S. Bryn Austin, a professor at Harvard’s School of Public Health, lauded Jamil for her efforts recently, saying "Jamil has opened the eyes of millions around the globe to the corrupt and deceptive detox tea market. Arguably, she’s done this more efficiently and expeditiously than a quarter century of well-intentioned but utterly unglamorous communications from the federal Food and Drug Administration (FDA)." And her efforts have now reached New York.
According to NY1, Councilman Mark Levine "has introduced legislation to ban the sale of the tea and other similar products to minors after learning about their danger from a staffer whose relative died after consuming them." Under Levine's legislation, the unregulated products wouldn't go away, but purveyors of the product would need to "require proof of ID to purchase the products and impose violations of up to $500 for those caught selling to minors." It's unclear how much Levine's legislation will do to slow down this industry, but it's a step.
By Michael McDowell
Will the Upper West Side be one day filled with vegan taco trucks, momo carts, or Thai on wheels?
It’s possible, if legislation scheduled for a Committee on Consumer Affairs and Business Licensing hearing Thursday morning continues to make its way through City Council to Mayor Bill de Blasio.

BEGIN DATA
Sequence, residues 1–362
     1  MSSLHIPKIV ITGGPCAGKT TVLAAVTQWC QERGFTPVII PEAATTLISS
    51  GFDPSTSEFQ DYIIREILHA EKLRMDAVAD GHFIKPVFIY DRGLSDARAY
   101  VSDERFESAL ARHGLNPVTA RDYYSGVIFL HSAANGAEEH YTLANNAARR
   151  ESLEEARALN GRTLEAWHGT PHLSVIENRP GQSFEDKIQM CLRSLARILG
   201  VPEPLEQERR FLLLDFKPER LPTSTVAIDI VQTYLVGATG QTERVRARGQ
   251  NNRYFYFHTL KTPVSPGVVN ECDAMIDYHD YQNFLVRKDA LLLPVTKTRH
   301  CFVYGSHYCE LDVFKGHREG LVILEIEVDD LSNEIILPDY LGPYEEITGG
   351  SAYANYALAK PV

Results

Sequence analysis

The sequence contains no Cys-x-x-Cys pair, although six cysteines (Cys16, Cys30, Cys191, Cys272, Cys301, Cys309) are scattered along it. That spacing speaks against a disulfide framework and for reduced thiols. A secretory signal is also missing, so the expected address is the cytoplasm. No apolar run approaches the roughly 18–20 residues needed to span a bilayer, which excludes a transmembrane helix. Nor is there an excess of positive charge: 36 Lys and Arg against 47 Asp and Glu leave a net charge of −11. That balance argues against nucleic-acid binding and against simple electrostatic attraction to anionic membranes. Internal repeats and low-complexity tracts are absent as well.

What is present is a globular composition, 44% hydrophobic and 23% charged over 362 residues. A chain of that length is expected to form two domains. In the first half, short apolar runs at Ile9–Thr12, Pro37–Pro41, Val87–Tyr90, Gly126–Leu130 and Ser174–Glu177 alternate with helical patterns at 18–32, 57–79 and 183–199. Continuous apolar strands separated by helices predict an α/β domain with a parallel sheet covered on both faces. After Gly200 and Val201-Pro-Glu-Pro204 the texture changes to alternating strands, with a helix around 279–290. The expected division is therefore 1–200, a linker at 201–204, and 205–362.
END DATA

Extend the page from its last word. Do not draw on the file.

The proposed legislation would, over the next decade, gradually expand the number of permits for street vending and dismantle the black market on which such permits are currently leased. It would also create a centralized, interagency Office of Street Vendor Enforcement, to be operational by September 1, 2019, which would “exclusively enforce vending laws.” It would additionally establish a Street Vendor Advisory Board composed of “vendors, brick and mortar small businesses, representatives from community groups, labor unions, property owners, and city agencies.”
Council Member Mark Levine, who is a sponsor of the bill, called it a “win-win,” in an interview with the Rag.
“Street vending has been a cherished path to economic opportunity in this city for centuries, and it remains an important part of New York’s character and our street life. Street vendors, like everybody else, have to obey the rules, and we’ve never really had consistent enforcement. We’ve also had a problem of a huge illegal market in permits. This legislation would address both issues,” he said.